Every year, Americans prepare for Halloween with candy and costumes. And every year, the issue of offensive Halloween costumes depicting racial minorities seems to rise to the surface. In Alabama, a fifth-grade teacher drew ire for
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Sally Newman is the manager of Helen's Pacific Costumery. She says that while these kinds of costumes aren't the most popular items, they do spark conversation at the shop, especially since several of her coworkers are part Native American.
"Their attitude toward it is, if someone wants to come in and try the costume, that's fine," Newman told Think Out Loud guest host April Baer on Friday. "The former manager has said that if someone comes in and asks for a squaw, she says, 'We don't have that.'"
"On the whole, as long as they're not a jerk about it, it's okay. Now, sometimes people come in and what they want to do is be the sexy Indian from the Village People. And where does that fall in the grey area of racial representation? It is a conundrum," Newman said.
"It's definitely much more of an issue today than it was when I was a child," said Se-ah-dom Edmo, coordinator of Lewis & Clark College's Indigenous Ways of Knowing program and president of the Oregon Indian Education Association.
Edmo argued that there is a strong connection between people dressing up as Native Americans and institutional racism in the United States.
For Edmo, headdresses are particularly unwelcome examples of people disrespecting Native American culture.
"Those eagle feathers are like medals to our leaders," she said, likening wearing a headdress to wearing a military uniform and pretending to be a war hero.
Simon Tam, social justice activist and founder of the Asian-American rock band The Slants, said that while there isn't necessarily "a clear-cut line," people who are part of racially discriminated groups also don't have the option of changing out of their race after Halloween is over.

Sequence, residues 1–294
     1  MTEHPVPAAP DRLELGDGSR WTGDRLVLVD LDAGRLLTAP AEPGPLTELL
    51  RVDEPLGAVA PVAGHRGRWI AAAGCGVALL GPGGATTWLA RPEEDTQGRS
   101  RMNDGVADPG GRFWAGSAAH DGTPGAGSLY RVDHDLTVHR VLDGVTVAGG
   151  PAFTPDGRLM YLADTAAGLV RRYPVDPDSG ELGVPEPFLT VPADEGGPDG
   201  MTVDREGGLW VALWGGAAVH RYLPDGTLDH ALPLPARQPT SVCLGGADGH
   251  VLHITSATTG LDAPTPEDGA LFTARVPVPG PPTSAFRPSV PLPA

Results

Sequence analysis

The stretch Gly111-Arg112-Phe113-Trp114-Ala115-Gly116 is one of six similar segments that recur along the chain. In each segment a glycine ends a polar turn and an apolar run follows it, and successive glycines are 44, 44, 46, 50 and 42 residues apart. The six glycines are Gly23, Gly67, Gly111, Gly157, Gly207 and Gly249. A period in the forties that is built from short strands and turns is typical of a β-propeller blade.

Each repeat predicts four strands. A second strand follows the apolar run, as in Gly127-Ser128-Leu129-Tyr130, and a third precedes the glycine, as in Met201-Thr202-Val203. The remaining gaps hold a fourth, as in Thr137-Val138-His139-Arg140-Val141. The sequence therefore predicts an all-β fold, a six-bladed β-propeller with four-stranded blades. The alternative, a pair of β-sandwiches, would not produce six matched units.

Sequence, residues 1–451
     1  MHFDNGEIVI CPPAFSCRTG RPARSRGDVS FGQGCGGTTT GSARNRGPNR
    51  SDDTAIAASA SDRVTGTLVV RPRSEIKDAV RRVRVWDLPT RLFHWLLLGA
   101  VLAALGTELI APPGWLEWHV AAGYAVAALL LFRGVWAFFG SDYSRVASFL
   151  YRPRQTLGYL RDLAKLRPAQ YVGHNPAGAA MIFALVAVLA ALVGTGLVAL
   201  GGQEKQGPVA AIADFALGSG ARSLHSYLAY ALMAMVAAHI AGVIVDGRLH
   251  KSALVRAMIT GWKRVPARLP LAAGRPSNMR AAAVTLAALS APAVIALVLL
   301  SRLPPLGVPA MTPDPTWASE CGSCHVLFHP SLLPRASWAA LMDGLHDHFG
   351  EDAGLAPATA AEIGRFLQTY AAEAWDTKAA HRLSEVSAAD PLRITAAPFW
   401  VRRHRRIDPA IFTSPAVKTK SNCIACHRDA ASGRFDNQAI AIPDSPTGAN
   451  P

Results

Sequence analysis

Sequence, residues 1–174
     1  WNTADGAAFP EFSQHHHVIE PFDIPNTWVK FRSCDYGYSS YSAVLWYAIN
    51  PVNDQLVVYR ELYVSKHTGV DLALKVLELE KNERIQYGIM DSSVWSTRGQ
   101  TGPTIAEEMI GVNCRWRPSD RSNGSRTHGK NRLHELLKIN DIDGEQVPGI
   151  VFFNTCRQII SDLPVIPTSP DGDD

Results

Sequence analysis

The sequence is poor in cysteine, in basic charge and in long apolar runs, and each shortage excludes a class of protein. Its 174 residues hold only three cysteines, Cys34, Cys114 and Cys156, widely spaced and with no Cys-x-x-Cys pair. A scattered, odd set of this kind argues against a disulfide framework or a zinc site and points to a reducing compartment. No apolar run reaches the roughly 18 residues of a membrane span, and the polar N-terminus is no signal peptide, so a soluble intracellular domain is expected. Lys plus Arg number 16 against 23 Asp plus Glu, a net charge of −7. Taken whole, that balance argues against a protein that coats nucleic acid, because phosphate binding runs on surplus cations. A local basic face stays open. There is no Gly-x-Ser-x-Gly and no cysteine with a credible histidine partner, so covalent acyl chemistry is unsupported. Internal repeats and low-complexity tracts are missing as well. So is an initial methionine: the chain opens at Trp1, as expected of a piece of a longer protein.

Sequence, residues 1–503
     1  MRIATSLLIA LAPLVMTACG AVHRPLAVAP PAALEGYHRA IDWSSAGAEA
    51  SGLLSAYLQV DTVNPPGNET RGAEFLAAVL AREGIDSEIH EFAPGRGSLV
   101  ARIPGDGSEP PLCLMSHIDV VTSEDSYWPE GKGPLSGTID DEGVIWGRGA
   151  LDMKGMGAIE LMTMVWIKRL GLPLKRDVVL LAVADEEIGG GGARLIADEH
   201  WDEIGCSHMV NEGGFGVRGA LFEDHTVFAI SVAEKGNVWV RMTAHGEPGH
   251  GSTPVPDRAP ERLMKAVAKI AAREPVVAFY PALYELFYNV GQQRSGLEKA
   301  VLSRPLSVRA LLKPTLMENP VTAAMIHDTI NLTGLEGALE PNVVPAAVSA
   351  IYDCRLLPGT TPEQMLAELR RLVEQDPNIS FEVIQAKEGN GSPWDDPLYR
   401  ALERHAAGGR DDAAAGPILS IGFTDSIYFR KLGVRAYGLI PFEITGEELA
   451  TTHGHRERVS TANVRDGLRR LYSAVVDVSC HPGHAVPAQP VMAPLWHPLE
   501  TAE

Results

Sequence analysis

"For people who want to dress up as a racial minority, it's interesting to think about because on Nov. 1, they can wash off the makeup. They can take off the headdress, or whatever costume they're wearing," said Tam. "If people are just like, 'Oh, I'm just doing it for fun! I'm just playing,' that might be true for you, but for those of us in those communities, we still have to live with these faces and expressions of how people look at our cultures on a day-to-day basis, far beyond Halloween."
But what about costumes that pay homage to well-known characters, like Bruce Lee, for example?
"If somebody wants to wear a Bruce Lee tracksuit, I think that's great. I actually think it's kind of cool, because they're putting on an iconic figure," Tam said. "Now, if they step over the line and tape their eyes back and paint their skin yellow, then they're portraying some racial stereotypes. And I think that is a line that's being crossed."
Edmo also pointed out that Native American women experience some of the highest rates of sexual assaults in the United States. While it may be a "slippery slope," dressing up in sexualized Native American outfits reflects a lack of familiarity with the real dangers Native Americans face.
"When you start to objectify an entire group of people it makes it easier for those things to be accepted," she said.
"The reality is that people can wear whatever costumes they want, they can use whatever language they want — including racial slurs," Tam said. "But at the end of the day, they also have to live with those consequences as well."
Tam said he was too busy traveling that he just plans to spend Halloween at home, with his dogs. Edmo plans to go trick or treating with her three kids.
"I'm Olaf, from 'Frozen.' And I like warm hugs!" she said.